We just posted last night with a recap of the Winds of War as the opening to part two of the Looming Debt and Pension Crisis. In less than 24 hours, however, there were multiple additional reports that came into the Economic War Room that we feel should be brought to your attention. We will keep it short by just providing the link to an article and a brief commentary. The main point is that the winds of war are increasing in frequency as well as intensity.
News Flash #1: Reuters (March 15, 2018)
We pretty much knew that Russia had been behind an assault on our power grid and had reported on this. Our grid has long been vulnerable to hacking. What is extraordinary is that our government admitted this publicly. This is almost unprecedented according to the Reuter's report:
The decision by the United States to publicly attribute hacking attempts of American critical infrastructure was "unprecedented and extraordinary," said Amit Yoran, a former U.S. official who founded DHS's Computer Emergency Response Team.
"I have never seen anything like this," said Yoran, now chief executive of the cyber firm Tenable, said.
News Flash #2: Bloomberg (March 16, 2018)
While officials did not provide in-depth details, the reality that Russia has been willing to hack into our aviation systems deserves serious attention. This is a war-time capability that could disrupt both logistics and the overall economy.
From the Bloomberg report:
Russian hackers penetrated the U.S. civilian aviation system early in 2017 as part of the broad assault on the nation's sensitive infrastructure, according to a consortium designed to protect the industry….
A disruption of the airline and private-aircraft systems could have enormous economic and psychological effects. In recent years, several airlines have had to halt operations and suffered millions of dollars of lost revenue when their computer reservation systems crashed, for example. Terrorists have long targeted aviation because of its out-sized impact on society.
News Flash #3: Bloomberg (March 16, 2018)
China has repeatedly demonstrated a willingness to interfere in our private companies for their benefit. They have mastered cyber-economic warfare and cyber-espionage. The issue is how aggressive they have become recently. Excerpts from the Bloomberg report:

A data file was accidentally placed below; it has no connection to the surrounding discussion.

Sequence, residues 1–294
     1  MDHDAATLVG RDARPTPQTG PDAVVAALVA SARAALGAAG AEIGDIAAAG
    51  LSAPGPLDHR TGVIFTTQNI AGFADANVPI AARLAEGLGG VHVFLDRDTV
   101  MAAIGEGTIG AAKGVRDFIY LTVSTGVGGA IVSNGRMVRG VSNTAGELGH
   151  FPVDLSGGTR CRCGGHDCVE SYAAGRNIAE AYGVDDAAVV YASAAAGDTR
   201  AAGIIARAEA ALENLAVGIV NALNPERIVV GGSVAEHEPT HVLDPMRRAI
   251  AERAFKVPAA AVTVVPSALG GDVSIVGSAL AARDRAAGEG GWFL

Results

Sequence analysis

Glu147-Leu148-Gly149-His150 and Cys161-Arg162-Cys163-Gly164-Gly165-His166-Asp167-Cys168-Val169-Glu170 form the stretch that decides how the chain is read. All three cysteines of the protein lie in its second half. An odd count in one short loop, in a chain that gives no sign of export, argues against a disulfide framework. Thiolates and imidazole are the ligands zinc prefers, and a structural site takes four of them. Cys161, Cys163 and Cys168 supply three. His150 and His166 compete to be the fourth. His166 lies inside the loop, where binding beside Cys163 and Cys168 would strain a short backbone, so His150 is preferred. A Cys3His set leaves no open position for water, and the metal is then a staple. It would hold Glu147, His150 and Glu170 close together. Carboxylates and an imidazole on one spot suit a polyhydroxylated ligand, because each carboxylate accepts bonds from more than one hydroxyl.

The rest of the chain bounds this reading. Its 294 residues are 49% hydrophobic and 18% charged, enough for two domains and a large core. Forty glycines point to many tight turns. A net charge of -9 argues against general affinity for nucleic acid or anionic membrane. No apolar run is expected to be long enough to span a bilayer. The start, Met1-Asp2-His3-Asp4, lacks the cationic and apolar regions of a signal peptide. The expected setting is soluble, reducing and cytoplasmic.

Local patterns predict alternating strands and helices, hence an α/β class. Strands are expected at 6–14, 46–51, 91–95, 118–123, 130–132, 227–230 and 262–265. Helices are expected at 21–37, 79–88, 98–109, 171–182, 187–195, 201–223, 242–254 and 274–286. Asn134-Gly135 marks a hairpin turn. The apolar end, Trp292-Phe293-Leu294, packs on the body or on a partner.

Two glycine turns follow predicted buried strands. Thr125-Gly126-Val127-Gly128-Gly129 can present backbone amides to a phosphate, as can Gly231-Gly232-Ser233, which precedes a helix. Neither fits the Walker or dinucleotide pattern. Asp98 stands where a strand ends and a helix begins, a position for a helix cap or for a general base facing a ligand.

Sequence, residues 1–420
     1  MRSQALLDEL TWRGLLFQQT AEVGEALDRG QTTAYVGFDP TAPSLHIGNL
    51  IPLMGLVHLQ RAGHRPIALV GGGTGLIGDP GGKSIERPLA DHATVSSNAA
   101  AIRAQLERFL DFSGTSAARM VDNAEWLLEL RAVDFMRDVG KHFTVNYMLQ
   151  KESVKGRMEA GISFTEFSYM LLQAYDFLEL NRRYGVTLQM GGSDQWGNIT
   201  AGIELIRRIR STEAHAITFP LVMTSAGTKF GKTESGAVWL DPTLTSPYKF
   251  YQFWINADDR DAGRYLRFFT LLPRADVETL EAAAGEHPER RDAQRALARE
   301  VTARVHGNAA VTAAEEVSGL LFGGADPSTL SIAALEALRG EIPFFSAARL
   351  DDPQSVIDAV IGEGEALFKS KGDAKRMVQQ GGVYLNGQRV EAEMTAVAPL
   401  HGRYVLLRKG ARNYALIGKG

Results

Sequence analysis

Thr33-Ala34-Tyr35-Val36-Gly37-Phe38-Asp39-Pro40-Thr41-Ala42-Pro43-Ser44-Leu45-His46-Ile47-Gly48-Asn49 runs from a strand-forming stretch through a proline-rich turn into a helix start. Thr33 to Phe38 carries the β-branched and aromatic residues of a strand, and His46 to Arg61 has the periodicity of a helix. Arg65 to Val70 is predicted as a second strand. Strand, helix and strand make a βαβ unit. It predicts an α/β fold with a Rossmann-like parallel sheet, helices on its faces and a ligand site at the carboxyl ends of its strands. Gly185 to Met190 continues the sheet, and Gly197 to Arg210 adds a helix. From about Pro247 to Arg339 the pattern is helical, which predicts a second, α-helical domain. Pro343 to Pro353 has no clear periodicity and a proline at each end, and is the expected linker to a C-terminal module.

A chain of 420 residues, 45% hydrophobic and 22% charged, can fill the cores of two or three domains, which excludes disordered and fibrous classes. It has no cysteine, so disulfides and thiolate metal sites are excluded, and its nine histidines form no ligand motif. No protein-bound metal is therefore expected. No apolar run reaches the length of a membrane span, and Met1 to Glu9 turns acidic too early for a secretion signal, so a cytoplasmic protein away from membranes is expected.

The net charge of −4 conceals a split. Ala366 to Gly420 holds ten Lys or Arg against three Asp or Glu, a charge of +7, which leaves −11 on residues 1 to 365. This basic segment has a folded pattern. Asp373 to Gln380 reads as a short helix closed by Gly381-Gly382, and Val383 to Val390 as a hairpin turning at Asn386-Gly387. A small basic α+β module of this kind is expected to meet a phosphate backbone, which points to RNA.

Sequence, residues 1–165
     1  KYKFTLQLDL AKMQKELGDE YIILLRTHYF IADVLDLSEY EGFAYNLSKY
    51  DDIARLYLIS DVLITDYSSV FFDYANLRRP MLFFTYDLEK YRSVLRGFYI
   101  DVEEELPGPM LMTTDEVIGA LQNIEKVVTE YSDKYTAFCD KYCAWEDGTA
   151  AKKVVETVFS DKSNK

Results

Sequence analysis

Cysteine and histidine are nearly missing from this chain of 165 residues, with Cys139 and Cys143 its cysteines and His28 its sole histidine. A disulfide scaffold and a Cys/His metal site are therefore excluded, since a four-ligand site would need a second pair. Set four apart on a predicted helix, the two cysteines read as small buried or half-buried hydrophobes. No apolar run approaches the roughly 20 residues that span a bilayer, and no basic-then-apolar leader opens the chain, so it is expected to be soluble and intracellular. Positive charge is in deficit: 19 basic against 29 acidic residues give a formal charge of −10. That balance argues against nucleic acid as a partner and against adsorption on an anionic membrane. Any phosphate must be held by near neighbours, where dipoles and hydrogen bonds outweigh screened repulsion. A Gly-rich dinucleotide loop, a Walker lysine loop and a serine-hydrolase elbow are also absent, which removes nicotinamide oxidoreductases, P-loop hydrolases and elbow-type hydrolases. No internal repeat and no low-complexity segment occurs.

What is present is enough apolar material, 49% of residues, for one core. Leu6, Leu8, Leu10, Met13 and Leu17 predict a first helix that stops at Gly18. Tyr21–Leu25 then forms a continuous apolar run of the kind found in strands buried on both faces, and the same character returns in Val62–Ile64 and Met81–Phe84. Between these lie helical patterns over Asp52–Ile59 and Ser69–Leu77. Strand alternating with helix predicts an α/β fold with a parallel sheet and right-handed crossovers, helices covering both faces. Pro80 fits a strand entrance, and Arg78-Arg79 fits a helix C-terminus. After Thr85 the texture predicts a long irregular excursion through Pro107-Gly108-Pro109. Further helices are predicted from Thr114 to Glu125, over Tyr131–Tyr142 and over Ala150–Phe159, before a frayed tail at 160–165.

Chinese hackers have launched a wave of attacks on mainly U.S. engineering and defense companies linked to the disputed South China Sea, the cybersecurity firm FireEye Inc. said….
The hackers have focused on U.S. maritime entities that were either linked to — or have clients operating in — the South China Sea, said Fred Plan, senior analyst at FireEye in Los Angeles.
"They are going after data that can be used strategically, so it is line with state espionage," said Plan, whose firm has tracked the group since 2013. "A private entity probably wouldn't benefit from the sort of data that is being stolen."
Data sought in the latest incidents could be used, for instance, to determine how closely a vessel could sail to a geographical feature, Plan said. "It is definitely the case that they can use this information for strategic decision-making," he said.
China has been involved in other attacks related to the South China Sea. In 2015, during a week-long hearing on a territorial dispute in the water, Chinese malware attacked the website of the Permanent Court of Arbitration in the Hague, taking it offline.
News Flash #4: Financial Times (March 14, 2018)
Technically, this article is not from the past 24 hours. But it is from the past two days. I'm sharing it because it shows the dramatic increase in attacks all over the world with Russia and China leading the way. The reality is that the genie is out of this bottle and that is not good.